Saturday, August 2, 2014

LP1 | FKA twigs


Every year, there seems to be a few musical debuts that blow everybody else in the industry out of the water without even being supported with a radio hit. In terms of dominant radio-unfriendly debuts, the past few years have seen the fresh faces of The 1975, Sky Ferreira, Haim, and Chvrches. Adding to a list of this year's underground debuts from the likes of Broods and Banks, FKA twigs recently was spotted by my radar with her upcoming album, fittingly and simply titled LP1.

This album was preceded by the releases of EP1 and EP2, which were highlighted by songs like "Papi Pacify" and "Hide." Although I enjoy the material on both extended plays, something about the material on LP1 makes the record both dynamic yet homologous. Each song has a production style that walks on the same hazy crossroads of trip-hop and R&B, but each song manages to shine in its own way.

For example, on "Pendulum," twigs' fragile voice is layered beautifully over a swaying instrumental. As it progresses, the song swells with fuller sounds and the heartbroken proclamation of "So lonely trying to be yours, when you're looking for so much more." Trip-hop influences prevail in "Closer," but twigs' voice is reverberated over the track to give it a touch of celestial beauty. "Numbers" thrives on a haunting bell pattern that could easily be slid into a scary movie, but contains lyrics that could have been lifted right out of a break-up letter to a cheating ex: "Was I just a number to you?"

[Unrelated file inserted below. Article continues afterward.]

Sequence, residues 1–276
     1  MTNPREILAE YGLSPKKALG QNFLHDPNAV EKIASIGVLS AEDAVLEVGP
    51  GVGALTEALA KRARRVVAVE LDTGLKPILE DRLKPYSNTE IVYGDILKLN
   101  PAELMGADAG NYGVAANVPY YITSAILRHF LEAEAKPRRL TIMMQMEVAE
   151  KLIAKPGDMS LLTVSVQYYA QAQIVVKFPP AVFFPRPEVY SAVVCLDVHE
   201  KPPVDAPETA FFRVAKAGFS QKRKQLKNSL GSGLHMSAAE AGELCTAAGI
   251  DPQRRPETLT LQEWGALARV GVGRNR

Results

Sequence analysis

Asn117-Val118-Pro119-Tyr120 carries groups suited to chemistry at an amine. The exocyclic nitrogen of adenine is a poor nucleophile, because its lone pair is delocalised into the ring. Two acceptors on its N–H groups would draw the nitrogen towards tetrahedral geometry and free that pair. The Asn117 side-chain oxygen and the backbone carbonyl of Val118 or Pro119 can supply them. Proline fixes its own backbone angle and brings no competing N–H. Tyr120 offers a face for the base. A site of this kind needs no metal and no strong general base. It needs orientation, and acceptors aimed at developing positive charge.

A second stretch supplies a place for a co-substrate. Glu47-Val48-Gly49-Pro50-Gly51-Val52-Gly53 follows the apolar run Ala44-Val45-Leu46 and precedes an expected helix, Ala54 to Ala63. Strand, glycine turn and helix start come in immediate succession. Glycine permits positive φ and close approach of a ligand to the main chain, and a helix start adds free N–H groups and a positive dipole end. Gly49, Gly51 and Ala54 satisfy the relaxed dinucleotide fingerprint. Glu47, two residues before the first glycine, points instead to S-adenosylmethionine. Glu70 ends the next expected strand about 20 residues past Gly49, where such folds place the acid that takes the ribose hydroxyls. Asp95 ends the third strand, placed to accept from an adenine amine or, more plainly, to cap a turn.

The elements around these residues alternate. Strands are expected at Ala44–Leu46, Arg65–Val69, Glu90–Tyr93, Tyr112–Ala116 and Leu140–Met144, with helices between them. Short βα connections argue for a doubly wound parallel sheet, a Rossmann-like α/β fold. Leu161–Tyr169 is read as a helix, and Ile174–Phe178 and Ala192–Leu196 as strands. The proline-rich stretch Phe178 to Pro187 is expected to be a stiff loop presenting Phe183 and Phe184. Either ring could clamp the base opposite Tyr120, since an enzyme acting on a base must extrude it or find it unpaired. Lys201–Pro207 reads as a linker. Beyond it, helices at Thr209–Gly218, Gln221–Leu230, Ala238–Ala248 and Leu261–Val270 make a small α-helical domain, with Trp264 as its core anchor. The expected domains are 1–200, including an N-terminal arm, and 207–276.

Lyrically, the ten tracks on LP1 cover a range of subjects, including her past as a music video back-up dancer in "Video Girl" ("Is she the girl from the video? Stop, stop lyin' to me"), and the traditional theme of love in songs like "Lights On" and "Two Weeks." Within the lyrics of "Lights On," we find twigs in a vulnerable place, telling her lover, "When I trust you, we do it with the lights on," while in "Two Weeks," twigs transforms into a newly-confident persona and tries to outshine her lover's past girlfriend as she says, "Give me two weeks, you won't recognize her."

LP1 is like a box of chocolates: at first glance, the pieces all seem to be relatively similar, but once you bite into them, something hidden underneath the smooth glaze makes each one stand as an individual, unique delicacy. From the initial vocal warm-ups and chants of "Preface" to the final echoes of "Kicks," listeners will explore the rises and falls of a relationship on these ten tracks, as streaks of seduction fuel the undertones of this album and tears of sorrow stain it with raw emotion. Listen after listen, the feelings associated with the album's composition intensify through my headphones and I'm suddenly sucked into the twigs' glitched yet passionate world.  It's something you really have to hear to believe.

LP1 will be available on August 12 via Young Turks Records. An exclusive deluxe vinyl edition of the album is available on the official FKA twigs website.

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